LeBron was tremendous in the NBA Finals, but the Cavs lost, and after Game 5, he had the audacity to say he’s never been part of a Super Team. The NBA collectively laughed … and then a few days later, Draymond Green mocked him. So LeBron has doubled down!
“No,” James said when Green’s superteam comments came up in the episode released Friday. “No. I mean in 2003, the Lakers combined Karl Malone, Gary Payton, Shaq and Kobe. And in ’96, when Jordan was retired, the Rockets joined Charles Barkley, Hakeem Olajuwon and Clyde Drexler all on the same team.
“But I don’t look at it as … I definitely didn’t start the superteam, if that’s what he’s trying to say. But I just feel like that it’s great that on the day you’re celebrating your championship, my likeness and my name is in your head. I love that.”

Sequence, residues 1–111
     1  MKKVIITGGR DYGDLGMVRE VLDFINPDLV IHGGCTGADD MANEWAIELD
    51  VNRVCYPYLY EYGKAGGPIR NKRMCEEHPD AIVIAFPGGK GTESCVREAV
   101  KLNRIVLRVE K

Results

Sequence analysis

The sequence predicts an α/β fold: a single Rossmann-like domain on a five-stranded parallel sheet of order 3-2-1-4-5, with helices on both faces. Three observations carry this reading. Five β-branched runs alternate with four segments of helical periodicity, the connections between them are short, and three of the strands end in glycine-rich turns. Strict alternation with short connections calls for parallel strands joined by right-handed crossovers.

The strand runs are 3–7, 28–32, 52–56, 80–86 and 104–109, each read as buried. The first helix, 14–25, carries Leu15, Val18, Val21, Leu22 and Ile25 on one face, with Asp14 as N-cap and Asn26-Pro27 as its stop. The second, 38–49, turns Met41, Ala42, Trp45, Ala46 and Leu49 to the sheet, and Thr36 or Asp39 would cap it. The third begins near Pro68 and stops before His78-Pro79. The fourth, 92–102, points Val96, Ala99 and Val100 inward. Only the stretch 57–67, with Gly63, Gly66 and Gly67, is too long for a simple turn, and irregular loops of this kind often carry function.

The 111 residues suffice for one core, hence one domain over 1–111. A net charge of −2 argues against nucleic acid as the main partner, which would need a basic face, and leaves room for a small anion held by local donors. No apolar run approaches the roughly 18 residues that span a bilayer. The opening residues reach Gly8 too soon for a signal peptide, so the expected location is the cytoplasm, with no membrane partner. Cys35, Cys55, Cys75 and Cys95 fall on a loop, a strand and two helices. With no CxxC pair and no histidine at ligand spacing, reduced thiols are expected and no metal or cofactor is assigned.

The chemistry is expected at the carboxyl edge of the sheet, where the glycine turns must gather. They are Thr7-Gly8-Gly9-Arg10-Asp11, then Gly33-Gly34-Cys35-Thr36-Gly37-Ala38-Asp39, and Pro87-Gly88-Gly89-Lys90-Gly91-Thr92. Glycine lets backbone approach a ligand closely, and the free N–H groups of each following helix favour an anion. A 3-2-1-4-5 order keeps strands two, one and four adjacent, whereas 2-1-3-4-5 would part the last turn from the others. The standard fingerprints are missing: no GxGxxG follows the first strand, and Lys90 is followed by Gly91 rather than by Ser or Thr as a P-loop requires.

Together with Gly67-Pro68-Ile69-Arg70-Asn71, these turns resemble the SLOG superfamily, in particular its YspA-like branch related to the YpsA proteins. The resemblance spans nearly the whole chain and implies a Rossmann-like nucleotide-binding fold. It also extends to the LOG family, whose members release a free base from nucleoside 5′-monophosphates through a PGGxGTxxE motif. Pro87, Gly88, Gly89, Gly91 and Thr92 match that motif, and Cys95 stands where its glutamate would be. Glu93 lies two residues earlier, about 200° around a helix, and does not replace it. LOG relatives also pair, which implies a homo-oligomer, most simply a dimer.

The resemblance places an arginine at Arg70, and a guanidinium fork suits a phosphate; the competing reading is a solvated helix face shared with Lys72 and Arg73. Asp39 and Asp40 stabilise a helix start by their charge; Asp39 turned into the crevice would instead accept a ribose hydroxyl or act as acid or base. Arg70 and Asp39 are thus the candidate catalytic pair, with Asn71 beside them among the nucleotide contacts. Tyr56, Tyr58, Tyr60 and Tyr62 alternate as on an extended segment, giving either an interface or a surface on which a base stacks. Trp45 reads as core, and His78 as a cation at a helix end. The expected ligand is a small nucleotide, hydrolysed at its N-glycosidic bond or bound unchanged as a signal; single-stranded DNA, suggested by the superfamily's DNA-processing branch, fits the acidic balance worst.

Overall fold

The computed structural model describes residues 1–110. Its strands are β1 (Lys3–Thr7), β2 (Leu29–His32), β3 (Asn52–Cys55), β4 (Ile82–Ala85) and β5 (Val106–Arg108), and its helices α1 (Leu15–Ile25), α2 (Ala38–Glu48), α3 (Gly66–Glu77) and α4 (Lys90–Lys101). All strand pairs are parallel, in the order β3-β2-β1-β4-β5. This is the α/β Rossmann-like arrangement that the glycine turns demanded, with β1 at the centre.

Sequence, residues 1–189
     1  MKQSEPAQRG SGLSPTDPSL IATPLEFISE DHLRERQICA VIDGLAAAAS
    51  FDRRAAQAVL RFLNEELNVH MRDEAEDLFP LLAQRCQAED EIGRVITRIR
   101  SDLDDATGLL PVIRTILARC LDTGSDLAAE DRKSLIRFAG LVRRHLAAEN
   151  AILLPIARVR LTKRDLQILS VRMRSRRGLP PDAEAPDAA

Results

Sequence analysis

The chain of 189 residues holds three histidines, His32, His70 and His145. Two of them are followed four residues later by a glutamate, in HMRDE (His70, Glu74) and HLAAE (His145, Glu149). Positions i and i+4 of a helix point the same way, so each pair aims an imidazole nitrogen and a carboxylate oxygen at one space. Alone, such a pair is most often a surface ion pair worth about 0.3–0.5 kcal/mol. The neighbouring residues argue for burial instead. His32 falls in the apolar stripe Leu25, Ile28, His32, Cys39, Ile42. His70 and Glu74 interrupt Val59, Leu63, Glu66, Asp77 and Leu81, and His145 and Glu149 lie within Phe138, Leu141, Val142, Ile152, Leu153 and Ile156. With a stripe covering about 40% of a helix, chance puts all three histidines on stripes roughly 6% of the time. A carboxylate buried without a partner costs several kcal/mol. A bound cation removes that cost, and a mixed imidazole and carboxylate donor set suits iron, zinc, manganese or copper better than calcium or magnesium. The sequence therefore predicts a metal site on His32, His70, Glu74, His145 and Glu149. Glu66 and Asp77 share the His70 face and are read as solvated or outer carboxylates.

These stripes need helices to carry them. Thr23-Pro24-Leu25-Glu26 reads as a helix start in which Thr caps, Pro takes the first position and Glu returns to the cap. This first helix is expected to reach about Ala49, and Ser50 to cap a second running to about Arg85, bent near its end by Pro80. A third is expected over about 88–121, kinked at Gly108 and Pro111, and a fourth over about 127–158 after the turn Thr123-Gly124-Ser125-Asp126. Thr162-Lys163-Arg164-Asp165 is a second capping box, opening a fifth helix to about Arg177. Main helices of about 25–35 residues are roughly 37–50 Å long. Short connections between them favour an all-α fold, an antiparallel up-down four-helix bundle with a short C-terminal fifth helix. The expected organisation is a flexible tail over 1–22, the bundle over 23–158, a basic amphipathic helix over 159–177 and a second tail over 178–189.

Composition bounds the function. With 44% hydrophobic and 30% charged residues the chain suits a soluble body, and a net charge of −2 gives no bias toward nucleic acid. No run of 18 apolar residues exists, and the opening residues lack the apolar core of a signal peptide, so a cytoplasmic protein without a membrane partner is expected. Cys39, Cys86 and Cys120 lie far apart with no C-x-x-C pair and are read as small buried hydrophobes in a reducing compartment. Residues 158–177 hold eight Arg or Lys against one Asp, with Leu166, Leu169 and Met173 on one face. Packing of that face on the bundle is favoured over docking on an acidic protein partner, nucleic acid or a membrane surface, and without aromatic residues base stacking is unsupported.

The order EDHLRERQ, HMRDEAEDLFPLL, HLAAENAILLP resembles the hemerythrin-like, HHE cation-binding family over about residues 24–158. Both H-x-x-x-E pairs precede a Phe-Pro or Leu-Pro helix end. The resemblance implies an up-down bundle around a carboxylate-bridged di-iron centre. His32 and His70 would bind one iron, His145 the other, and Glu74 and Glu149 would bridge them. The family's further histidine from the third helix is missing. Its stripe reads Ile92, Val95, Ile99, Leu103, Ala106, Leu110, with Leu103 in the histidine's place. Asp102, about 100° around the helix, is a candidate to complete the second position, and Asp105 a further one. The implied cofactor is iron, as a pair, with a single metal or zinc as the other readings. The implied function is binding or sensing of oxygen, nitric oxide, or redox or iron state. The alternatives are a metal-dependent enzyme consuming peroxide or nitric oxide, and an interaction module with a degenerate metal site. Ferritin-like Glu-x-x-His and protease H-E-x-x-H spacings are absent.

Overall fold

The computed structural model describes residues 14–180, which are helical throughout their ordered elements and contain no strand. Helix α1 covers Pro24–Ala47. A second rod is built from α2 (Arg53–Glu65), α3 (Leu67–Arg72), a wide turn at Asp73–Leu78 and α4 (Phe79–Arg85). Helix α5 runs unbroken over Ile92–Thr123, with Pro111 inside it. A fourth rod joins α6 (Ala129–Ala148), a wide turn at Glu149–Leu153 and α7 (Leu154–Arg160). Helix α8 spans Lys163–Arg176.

Bruh. Come on. Let’s not shift the definitions. Those guys he mentioned were Ring Chasers. Slight difference, but not a major one. There isn’t a hard and fast definition for an NBA “Super Team,” so let’s see what we can do here:
Super Team: When multiple NBA stars cluster on one team in hopes of winning a title. The key word here is MULTIPLE. Mailman and the Glove to the Lakers qualifies. Barkley and Drexler to Houston qualifies. Ray Allen and Kevin Garnett qualifies (even though they were both traded to Boston). LeBron and Chris Bosh did create a Super Team. LeBron and Kevin Love created a Super Team in Cleveland. Worth noting: NOTHING IS WRONG WITH THIS. IT’S GREAT FOR THE NBA!
Also, by this definition, Kevin Durant joining the Warriors does not qualify as a Super Team. They were super before he got there. Now, they’re just the best team in NBA history.
Sorry, but it has nothing to do the record of the team prior to the stars (plural!) arriving.